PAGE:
cassidy, and three young children with him on the road all summer. as for that rock star life you can find him all summer at 6:30 in the morning chasing the kids around the walgreens in whichever city he's in. dierks will play a live show on our "today" show plaza. head to today.com/sunday for our web extras. yes, it did involve that bon jovi show. why a generation of baby boomers may soon put their health care in the hands of a 29-year-old who quit his job this might look like a zero-gravity drop... but it's actually a triumph of predictive analytics. because of optum. through population health data, they provide insights so doctors and hospitals can identify high-risk patients. like me... asthma... potential hospital visit. so now thanks to optum, this asthma thing's under control. gravity not so much.
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only at walgreens, and get your silly on, seriously. time is running out. get your red nose today at walgreens. over the past several weeks we've been highlighting disrupters, people shaking up industries that need shaken up. our latest is a 29-year-old disrupting the $80 billion business of in-home care. >> people are living longer than ever before. here in the united states, around 10,000 baby boomers, my parents' generation, will turn 65 every day. for the next 20 years. and for a lot of us, the thought of putting our parents in a nursing home sounds like something from another era. >> would you ever put your parents in a nursing home? >> no, i would not. >> my dad said he never wanted to go into a nursing home.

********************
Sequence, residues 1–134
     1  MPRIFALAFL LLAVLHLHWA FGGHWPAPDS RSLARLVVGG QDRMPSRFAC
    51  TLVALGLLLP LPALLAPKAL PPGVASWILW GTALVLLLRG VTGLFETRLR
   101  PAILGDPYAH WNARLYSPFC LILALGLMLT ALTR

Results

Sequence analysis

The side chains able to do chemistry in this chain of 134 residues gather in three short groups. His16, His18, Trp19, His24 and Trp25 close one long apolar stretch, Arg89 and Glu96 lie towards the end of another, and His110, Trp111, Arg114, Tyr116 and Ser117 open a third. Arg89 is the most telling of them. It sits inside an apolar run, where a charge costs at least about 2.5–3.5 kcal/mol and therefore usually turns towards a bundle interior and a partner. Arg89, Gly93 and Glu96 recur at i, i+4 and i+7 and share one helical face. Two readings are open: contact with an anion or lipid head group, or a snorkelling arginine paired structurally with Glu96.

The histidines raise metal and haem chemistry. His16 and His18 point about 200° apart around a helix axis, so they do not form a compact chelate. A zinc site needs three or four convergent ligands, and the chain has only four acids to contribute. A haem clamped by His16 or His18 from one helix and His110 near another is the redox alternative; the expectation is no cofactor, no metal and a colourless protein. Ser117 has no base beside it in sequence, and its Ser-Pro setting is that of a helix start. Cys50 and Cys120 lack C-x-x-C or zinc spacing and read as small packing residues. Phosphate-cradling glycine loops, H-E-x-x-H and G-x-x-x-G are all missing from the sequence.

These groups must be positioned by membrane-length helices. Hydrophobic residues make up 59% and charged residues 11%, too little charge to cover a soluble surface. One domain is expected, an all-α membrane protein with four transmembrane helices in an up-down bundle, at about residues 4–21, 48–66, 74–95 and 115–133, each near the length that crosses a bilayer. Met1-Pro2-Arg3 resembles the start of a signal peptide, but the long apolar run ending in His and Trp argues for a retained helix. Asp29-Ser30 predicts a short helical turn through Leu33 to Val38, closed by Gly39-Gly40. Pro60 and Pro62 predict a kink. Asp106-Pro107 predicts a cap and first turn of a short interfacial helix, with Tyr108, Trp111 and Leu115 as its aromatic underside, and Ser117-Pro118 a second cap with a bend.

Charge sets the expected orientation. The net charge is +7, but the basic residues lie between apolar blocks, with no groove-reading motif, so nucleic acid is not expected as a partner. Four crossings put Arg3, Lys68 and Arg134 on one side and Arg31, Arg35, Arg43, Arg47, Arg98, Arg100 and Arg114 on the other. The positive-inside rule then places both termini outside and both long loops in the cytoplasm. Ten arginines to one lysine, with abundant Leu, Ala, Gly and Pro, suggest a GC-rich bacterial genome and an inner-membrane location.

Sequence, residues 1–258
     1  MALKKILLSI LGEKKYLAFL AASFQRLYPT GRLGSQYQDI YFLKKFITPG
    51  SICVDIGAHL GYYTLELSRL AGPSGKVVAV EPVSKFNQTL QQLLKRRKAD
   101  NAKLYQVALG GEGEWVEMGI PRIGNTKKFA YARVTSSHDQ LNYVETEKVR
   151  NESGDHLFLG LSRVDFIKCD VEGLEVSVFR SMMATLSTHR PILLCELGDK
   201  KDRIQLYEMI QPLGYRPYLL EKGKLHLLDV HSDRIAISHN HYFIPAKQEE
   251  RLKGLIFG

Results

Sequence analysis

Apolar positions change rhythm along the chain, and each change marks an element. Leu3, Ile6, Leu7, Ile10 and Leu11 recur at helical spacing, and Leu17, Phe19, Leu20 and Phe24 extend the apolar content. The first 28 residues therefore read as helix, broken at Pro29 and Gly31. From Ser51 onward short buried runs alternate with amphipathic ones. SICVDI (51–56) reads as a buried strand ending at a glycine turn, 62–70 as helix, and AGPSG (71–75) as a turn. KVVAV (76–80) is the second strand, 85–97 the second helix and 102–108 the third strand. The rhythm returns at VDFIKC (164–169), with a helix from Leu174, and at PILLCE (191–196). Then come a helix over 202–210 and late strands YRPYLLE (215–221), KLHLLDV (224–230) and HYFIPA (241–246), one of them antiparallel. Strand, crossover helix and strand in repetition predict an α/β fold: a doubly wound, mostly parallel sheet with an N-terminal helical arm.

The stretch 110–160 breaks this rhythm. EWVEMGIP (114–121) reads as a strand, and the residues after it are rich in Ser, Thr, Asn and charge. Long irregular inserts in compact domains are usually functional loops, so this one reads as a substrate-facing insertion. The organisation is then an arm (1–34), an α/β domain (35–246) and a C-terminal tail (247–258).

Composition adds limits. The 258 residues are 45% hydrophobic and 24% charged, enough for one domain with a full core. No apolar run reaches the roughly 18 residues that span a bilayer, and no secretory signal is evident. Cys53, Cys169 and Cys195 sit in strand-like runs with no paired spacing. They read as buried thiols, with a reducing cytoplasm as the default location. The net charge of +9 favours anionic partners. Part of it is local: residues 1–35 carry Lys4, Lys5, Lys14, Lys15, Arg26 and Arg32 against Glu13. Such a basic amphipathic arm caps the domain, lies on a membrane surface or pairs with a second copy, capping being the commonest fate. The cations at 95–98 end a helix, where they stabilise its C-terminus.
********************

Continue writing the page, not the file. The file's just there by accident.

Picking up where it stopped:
>> how about? >> my mom would kill me. >> nursing homes, we think of old, old people, old facilities, old technology. the guy from harvard who struggled to take care of his 93-year-old grandfather instead started a business turning health care on its head. okay, josh, this looks like instagram, snap chat or something but -- and don't take this the wrong way but we're at senior home 2.0. >> that's right. bathing, shopping, doctor's appointments, whatever you need to stay happy and healthy in your own home and provide all this technology. >> this app allows people to monitor their loved ones, all using an app to collect data, input daily by in-home caretakers, who are also managed by home teenl. >> the most important stuff is the summary of the day. that's the headline that our